Yellow Stickering We Will Go – In Other Words – Hunting for a Bargain!

Osso Buco – Hollow Bones

Osso buco alla milanese with a BB twist of spinach and spring onions in the risotto.

I’m sure we all have our own ‘labels’ for various things – Aldi and Lidl in our house are referred to as Random Tat or, sometimes Tandom Rat; but what do you call your hunt for bargains?

Every supermarket seems to use yellow stickers for their reduced goods, so BOGG (Big Ol’ Grumpy Git) knows exactly where I’m going when I yell, “I’m off yellow stickering!”

I know that M&S isn’t the cheapest place to grab a bargain, but it’s the nearest place to me, so I do venture in a couple of times a month.

When yellow stickering, I’m frequently asked, ‘When’s the best time to go?’; unfortunately there doesn’t appear to be a regular time as I’ve gone in the morning and there have been a few yellow stickers; it used to be between 5pm and 6pm, which was good for rich pickings, but now it seems 4pm – 5pm is the prime time.

This haul cost me all of £5.13!

My best haul was a few weeks back when I nabbed a pack of ham, two tubs of Cornish cream, organic broccoli, a bag of organic carrots, Muscat grapes, two packs of apples and a white cabbage, all for £5.13!

My bargain yellow stickered turkey!

But my best buy has to be a free range, organic turkey that I bought between Boxing Day and New Year a couple of years back; originally priced at £65.50, to me – £6.50!

The Italian’s say Osso Buco, M&S says Osso Bucco!

My latest purchase was a pack of rose veal osso buco (the translation is hollow bones) reduced from £7.29 to £3.90.

Some of you may think that I’m letting the side down by not buying from a local producer or from the farmers’ market, but I too have to budget and as much as I would love to buy from my favourite producers all the time, I can’t, so I do the next best thing to try and save food destined for the bin!

Anyway back to the veal shin! The use by date was the 18th April – I cooked it yesterday on the 20th; it was perfectly fine.

Using a slow cooker , it was left to strut its funky stuff for most of the afternoon!

So here’s my simple recipe for the classic Italian dish. If you don’t have a slow cooker, oven cook it in a casserole  for about 3 hours at 160°C/140°C fan/gas 3 or until the meat falls from the bones.

As with a lot of my recipes, measurements ain’t what you’d call exact. Most recipes call for the vegetable holy trinity (carrot, onion, celery), I didn’t have the latter, so didn’t bother using, but if you do, it’s a finely chopped stick.

Osso buco ingredients

Lea’s Osso Buco for Two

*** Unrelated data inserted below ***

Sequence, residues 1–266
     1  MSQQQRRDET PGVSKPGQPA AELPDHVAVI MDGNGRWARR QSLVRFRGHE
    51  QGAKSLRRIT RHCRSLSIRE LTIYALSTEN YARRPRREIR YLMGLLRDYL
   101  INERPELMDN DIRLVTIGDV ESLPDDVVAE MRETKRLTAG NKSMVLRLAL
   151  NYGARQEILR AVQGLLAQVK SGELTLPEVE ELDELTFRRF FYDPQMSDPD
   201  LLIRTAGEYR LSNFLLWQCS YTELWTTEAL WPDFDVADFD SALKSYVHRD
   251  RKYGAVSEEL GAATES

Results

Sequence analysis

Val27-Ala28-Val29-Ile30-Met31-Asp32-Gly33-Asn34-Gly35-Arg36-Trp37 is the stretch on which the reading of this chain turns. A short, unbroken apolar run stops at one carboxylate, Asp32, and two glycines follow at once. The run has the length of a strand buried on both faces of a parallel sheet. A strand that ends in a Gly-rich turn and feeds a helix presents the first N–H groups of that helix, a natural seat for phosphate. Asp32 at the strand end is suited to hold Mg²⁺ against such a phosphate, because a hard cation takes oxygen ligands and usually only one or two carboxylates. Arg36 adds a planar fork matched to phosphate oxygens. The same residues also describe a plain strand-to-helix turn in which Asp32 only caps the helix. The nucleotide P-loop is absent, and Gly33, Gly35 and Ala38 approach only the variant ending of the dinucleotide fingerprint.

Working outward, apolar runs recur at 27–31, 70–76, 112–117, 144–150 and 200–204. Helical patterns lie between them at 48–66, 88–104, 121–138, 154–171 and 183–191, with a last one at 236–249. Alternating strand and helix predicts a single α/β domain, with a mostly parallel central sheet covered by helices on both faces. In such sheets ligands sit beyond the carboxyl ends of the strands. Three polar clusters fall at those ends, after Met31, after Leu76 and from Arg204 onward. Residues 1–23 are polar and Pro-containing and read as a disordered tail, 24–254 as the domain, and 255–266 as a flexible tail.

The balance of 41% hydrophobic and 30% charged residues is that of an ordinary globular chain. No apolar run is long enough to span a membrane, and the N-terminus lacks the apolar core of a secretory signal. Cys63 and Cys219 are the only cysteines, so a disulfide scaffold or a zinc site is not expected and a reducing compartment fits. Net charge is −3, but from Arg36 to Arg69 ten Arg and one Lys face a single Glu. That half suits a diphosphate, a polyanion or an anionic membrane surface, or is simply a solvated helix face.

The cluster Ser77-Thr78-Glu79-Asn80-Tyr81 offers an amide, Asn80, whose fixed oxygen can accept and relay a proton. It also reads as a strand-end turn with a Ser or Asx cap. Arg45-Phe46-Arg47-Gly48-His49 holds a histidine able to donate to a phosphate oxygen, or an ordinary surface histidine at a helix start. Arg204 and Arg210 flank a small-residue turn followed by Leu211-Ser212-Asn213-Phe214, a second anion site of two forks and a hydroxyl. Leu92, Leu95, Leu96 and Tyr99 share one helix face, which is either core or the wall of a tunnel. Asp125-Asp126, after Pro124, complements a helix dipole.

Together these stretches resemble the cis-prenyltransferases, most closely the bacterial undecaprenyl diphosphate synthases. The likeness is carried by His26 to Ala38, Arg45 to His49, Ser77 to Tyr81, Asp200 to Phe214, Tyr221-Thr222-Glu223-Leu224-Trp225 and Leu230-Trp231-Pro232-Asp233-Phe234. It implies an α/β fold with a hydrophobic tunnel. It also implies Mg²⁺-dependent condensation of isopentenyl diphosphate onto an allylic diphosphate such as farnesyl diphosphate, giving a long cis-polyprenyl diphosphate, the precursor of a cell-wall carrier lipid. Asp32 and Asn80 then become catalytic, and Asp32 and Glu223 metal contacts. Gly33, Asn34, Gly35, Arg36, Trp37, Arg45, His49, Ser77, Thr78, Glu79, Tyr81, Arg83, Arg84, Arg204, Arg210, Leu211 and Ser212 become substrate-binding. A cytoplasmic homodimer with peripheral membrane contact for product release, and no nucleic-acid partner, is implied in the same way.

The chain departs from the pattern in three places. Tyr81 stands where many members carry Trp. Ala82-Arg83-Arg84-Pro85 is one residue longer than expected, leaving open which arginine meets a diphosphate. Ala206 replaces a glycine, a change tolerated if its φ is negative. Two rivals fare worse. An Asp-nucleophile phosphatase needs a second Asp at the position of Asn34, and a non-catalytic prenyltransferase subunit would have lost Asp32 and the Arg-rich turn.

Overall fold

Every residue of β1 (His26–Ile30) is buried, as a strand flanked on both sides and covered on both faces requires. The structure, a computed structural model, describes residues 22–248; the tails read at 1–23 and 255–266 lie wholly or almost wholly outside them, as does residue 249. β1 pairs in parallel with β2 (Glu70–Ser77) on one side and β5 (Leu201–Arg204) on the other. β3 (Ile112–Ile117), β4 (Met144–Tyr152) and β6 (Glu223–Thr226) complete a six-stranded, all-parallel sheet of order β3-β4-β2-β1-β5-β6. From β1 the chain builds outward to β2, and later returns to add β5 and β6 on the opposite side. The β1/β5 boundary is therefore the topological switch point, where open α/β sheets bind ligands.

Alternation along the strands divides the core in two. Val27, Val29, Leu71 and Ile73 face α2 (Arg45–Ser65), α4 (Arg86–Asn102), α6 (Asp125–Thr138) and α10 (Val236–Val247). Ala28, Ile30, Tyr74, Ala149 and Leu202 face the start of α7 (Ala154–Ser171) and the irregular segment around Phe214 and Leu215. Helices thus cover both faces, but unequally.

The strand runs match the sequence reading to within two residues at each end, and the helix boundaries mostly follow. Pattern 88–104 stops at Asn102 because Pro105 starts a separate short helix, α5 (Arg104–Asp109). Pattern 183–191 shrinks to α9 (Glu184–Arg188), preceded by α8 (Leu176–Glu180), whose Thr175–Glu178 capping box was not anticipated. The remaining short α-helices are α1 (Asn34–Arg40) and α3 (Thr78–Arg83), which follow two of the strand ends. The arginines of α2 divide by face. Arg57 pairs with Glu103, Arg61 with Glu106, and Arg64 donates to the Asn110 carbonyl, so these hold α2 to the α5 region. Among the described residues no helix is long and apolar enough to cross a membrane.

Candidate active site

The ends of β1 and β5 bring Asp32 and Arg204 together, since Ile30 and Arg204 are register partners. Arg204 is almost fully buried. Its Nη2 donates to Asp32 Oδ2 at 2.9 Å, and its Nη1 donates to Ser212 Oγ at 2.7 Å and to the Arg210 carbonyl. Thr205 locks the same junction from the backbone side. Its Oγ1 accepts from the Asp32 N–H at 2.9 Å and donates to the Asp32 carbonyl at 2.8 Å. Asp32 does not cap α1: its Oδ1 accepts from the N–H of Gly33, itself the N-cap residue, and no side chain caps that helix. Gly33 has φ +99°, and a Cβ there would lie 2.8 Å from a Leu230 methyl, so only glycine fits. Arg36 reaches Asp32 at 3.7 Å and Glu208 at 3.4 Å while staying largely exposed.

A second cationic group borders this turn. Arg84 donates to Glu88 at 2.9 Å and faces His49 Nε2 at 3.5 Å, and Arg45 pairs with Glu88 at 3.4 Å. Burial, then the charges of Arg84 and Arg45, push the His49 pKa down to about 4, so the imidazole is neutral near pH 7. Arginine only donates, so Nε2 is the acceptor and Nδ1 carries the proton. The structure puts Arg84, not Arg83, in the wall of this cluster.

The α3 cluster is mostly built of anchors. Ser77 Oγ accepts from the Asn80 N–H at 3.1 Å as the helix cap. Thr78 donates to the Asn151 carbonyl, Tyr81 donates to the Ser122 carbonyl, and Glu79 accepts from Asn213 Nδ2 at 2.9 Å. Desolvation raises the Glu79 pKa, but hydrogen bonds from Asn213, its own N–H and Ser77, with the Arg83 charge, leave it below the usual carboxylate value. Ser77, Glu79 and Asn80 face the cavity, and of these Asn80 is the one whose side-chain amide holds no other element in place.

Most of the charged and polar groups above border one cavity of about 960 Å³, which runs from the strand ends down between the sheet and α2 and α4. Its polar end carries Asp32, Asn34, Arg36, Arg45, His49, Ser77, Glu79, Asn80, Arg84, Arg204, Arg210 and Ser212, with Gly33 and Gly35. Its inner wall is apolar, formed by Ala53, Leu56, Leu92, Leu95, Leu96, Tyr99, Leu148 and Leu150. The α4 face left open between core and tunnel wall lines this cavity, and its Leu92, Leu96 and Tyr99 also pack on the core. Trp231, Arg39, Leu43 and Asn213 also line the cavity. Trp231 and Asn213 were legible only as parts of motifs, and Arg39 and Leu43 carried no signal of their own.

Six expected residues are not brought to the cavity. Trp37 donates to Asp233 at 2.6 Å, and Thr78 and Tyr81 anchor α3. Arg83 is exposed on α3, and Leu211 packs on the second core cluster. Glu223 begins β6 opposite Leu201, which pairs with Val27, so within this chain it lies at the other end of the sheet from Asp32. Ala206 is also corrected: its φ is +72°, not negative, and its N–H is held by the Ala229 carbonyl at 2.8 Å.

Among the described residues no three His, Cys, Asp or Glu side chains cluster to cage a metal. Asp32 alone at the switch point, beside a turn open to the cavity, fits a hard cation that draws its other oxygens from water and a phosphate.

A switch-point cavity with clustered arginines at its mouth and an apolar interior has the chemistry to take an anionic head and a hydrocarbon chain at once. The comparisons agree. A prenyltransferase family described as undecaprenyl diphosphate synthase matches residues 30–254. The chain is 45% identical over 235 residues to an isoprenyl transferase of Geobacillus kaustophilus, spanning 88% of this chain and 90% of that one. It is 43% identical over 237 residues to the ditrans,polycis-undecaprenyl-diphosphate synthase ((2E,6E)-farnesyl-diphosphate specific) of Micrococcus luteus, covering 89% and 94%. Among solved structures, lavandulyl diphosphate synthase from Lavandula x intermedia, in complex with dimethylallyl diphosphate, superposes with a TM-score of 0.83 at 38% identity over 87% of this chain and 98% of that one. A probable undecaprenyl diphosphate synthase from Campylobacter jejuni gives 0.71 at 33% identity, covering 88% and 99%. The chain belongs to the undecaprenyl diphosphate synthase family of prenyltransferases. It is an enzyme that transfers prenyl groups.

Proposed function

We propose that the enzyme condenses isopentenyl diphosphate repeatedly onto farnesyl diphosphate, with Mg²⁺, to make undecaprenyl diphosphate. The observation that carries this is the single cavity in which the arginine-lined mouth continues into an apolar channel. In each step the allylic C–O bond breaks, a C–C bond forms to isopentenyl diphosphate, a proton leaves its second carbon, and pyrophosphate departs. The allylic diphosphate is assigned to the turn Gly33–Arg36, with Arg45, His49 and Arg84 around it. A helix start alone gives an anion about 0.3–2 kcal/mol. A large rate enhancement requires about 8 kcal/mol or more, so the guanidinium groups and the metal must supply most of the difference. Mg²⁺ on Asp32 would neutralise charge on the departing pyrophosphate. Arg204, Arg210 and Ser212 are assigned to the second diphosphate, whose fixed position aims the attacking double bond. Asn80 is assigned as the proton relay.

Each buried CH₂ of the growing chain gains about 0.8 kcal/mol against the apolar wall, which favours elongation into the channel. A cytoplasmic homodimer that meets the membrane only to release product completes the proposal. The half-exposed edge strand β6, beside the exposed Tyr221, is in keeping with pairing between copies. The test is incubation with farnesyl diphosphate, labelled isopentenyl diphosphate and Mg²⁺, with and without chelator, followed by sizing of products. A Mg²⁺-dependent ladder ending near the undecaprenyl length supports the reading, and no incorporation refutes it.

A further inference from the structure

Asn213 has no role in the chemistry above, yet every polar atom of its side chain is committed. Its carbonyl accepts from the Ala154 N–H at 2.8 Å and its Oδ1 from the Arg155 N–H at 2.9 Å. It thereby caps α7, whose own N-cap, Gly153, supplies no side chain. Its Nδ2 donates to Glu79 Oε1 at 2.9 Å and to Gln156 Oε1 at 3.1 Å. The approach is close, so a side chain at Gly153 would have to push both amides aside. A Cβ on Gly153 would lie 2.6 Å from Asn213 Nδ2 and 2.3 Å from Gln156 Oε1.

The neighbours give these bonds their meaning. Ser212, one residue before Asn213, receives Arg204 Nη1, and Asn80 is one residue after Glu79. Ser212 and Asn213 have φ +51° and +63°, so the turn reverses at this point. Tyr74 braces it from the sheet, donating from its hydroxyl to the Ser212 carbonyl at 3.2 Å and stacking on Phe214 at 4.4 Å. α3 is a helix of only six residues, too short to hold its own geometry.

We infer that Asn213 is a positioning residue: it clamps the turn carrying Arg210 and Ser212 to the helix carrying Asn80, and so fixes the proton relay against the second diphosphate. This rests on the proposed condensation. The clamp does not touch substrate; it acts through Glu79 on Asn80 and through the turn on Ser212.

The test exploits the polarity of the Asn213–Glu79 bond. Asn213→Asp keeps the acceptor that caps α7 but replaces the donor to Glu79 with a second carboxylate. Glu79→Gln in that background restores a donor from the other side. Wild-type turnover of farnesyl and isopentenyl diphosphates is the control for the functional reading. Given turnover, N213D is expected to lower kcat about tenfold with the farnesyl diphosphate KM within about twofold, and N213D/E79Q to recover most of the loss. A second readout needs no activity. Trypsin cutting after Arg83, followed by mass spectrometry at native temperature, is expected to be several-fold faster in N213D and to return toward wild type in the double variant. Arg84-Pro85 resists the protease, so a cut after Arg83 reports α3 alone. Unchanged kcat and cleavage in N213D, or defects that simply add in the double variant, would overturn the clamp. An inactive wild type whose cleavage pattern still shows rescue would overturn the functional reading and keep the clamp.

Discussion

2 pieces of veal shin
Flour, salt and pepper
Knob of butter and a large splash of oil
1 carrot, finely diced
1 medium onion or a couple of shallots, thinly sliced
3 bay leaves
Sprig of thyme
Zest of half a lemon (whole if the lemon is small)
1 large glass white wine
300mls/10floz stock (I used beef stock but chicken or veg works too)

Mix flour and seasoning together on a plate and coat both sides of the meat.
Heat butter and oil in a pan and brown the shins. Remove and put to one side.
Put the herbs, carrots and meat into your slow cooker (or casserole if using a conventional oven).
Pop the onion into the pan the meat was in and cook gently. Add the wine and let it bubble away for a few minutes. Add the stock and lemon, bring back to the boil and then pour over meat and veg.
Pop on the lid and set the slow cooker to high (or whatever the equivalent is on your make), or pop the casserole into the oven.
After an hour reduce the heat on your slow cooker and let it bubble away for about 3 or 4 hours or until the meat falls off the bone. For those using an oven, cook for about 3 hours.

The finished dish with a BB twist on the risotto – spinach and spring onions

Osso buco is normally served with risotto Milanese (saffron risotto) and sprinkled with gremolata – a blend of chopped lemon zest, parsley and garlic.

If you don’t want the faff of making risotto, mash works just as well or even soft polenta.

As an alternative, you can leave the osso buco to cool and then place in the fridge overnight; the fat will float to the top and harden. Discard fat (or keep it for roasting spuds), reheat meat until hot all the way through.

Felicity Cloake’s article makes for an interesting read and offers a variation of my recipe.

© Lea Harris, In the Kitchen with BakersBunny, 2019.


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